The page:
i-Saksham Education and Learning Foundation

Partner From
10/01/2018 - On Going
iSaksham logo


Supported by: Wipro

About i-Saksham

i-Saksham Education and Learning Foundation has the mission of ‘building community edu-leaders to enrich education experiences of underserved children for continued success.’ The idea of i-Saksham has its origin in the experience of its founders as Prime Minister Rural Development Fellows working in two left wing extremism affected district of Bihar, Jamui and Munger for 3 years. We witnessed that while the discourse is around existing educational inequity at school education level, not much discourse was around what it leads to in terms of inequity in life chances for youth of these areas. Our experience also taught us that such resource-constrained areas have one common resource in abundance and that is the power of youth to affect the existing systemic challenges positively.


i-Saksham runs a two-year fellowship program which is a mix of a B. Ed. program and a youth leadership program focused on aspects such as philosophy of education, pedagogy, youth leadership, community engagement, use of technology, and an understanding of self. During the fellowship, fellows teach primary grade students for 5 days/week (2 hrs. every day) in local government schools and attend one-day weekly sessions of 3 hrs. on weekends.

Location: i-Saksham is currently working in 10 blocks of four left-wing extremism affected districts of Bihar i.e. Jamui, Munger, Gaya, and Muzaffarpur. Among these, three are aspirational districts.

Impact of COVID

No program got closed in the year 2020-21. COVID has taught us many things as an organization, and one of the key learning of the experience is to be future-ready. In 2019, we had made a shift from learning centers to schools as part of our future vision. But, when the schools got closed for a longer period, returning to community learning spaces appeared to be the most effective choice. COVID restricted access to even these spaces for almost the entire last year.  After an initial period, we began building on approaches that could help us serve the children and in this time of difficulty the community immediate needs, and finalized on some key areas. We had successes and failures in each of these intervention areas, strengthening our learning, making us reflect and think on our approaches from a larger systemic change view point.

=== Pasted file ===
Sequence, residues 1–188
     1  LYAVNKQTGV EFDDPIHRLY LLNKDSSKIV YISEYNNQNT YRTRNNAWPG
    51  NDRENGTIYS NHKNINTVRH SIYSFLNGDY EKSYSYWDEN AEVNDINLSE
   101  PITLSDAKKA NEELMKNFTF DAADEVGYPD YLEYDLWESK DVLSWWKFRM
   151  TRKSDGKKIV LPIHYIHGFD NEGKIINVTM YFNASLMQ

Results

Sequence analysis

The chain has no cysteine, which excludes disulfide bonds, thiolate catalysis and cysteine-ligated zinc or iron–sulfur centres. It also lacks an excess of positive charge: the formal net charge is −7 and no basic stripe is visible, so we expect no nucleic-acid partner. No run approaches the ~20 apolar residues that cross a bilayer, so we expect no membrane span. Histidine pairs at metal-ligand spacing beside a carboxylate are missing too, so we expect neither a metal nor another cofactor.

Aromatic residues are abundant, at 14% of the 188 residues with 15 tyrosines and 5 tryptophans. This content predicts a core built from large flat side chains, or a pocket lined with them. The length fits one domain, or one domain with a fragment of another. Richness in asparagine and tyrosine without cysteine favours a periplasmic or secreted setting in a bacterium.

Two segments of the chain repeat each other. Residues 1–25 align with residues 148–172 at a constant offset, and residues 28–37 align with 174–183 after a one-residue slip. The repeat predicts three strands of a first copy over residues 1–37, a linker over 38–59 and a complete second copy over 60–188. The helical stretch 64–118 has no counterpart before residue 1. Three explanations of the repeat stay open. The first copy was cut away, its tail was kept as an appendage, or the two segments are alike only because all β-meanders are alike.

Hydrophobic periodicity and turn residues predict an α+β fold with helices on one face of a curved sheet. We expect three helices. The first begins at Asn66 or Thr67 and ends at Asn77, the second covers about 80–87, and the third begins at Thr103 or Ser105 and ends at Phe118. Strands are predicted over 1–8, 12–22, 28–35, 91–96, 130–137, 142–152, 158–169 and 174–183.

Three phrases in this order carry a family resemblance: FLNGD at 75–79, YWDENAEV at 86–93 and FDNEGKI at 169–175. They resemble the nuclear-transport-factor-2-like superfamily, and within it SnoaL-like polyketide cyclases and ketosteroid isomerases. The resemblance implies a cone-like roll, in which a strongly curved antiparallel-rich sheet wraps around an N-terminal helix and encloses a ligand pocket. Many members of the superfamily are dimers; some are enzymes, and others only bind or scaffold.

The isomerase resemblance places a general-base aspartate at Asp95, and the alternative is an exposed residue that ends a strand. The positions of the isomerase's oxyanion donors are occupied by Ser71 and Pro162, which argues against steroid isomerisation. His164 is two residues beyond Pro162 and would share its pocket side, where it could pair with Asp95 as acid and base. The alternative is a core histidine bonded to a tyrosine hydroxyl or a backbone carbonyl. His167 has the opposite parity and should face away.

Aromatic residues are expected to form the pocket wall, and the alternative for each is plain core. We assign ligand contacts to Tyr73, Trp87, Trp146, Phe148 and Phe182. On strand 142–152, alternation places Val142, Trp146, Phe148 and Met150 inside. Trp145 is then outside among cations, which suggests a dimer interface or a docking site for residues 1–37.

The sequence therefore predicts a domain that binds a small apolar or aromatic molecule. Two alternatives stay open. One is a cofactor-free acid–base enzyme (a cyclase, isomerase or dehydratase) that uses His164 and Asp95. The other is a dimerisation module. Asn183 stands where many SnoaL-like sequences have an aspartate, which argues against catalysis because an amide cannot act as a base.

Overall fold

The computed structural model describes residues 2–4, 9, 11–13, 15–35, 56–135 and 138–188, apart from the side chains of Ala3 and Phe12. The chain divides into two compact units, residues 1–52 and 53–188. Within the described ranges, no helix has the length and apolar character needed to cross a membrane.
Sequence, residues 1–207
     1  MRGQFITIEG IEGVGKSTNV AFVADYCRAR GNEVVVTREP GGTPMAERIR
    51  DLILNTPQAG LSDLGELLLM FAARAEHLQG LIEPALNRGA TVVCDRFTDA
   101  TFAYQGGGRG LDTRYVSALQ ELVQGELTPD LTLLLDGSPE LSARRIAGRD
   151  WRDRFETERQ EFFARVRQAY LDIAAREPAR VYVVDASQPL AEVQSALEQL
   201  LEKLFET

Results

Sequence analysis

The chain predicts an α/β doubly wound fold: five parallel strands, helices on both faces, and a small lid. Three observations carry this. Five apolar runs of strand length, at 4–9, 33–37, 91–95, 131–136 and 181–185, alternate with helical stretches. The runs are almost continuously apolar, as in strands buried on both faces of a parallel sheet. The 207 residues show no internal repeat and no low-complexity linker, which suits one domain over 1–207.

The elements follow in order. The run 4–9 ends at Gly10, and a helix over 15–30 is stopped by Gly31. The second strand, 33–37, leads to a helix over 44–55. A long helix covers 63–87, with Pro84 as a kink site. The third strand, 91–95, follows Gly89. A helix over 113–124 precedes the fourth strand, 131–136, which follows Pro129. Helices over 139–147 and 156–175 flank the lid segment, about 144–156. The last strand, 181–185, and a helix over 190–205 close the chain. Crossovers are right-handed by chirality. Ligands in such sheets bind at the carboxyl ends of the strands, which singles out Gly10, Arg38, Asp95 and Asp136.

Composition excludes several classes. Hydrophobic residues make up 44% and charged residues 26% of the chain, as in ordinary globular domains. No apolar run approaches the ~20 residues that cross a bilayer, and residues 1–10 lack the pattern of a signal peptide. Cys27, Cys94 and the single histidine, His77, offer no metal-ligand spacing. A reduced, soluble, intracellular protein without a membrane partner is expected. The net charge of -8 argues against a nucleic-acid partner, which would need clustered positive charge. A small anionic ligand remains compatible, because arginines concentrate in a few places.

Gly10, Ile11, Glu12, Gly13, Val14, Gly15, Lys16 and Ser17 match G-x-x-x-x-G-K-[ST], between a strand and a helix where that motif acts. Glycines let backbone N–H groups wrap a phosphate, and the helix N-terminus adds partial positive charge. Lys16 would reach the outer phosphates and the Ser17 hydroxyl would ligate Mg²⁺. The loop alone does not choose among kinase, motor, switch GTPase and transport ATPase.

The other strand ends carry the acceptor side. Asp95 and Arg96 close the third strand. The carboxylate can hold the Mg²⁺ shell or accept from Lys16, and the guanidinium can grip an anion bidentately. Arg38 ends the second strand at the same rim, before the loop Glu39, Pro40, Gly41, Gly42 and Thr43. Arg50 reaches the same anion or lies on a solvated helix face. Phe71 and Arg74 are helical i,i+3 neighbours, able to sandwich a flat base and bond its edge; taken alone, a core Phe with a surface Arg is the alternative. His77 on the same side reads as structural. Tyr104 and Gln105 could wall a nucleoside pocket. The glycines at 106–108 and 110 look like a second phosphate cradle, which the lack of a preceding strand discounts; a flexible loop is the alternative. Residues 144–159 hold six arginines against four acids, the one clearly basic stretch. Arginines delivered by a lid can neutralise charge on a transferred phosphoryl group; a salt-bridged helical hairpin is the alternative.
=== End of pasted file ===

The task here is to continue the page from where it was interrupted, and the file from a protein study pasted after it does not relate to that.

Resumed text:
Approaches during COVID Lockdown

Reaching to children through non-smartphones and audio sessions: We knew that many of our children don’t have access to smartphones. Hence, we designed our sessions, which were thematic, promoted discussions, and could be facilitated on non-smartphones. This was not easy and the biggest bottleneck was non-availability of phone numbers. We had three rounds of parents’ survey, which gave us a platform to reach out to nearly 200 parents each time, which helped us get a better understanding of their needs during COVID and helped us in serving them better. This was also the first time, when we were approached the parents on this scale with such a channel. In partnership with Mantra4Change, we came as a collective to plan projects for the children. One central idea was to engage these children in projects, which they can do in their homes, and many of these required the child to engage with their siblings and parents.

We collaborated with Pradan and JM Financial to assist the delivery of basic needs for returning migrants. We used our resources to create a database for all these migrants, which helped both the organizations to deliver support better to more than 1000 families.

Post Lockdown Approaches

One of the ambitious initiatives during this period was ‘Shiksha Saheli’ project, as 6 different organizations came together to work in a common geography, each bringing their own expertise to serve the children. These organizations were i-Saksham, Mantra4Change, Involve, Meraki, Karunodaya, and Mahila Samakhya. The design of the program was very similar to i-Saksham fellowship. We learnt a lot from the program both in terms of how we see partnerships and factors, which can help us leverage these most effectively. The program ran for 6 months in two different geographies (Gaya and Muzaffarpur) with young girls and women who were members of Mahila Samakhya groups and taught children at their learning centers. With time, the other partners have exited the program but we have continued with our 6th batch of fellows.

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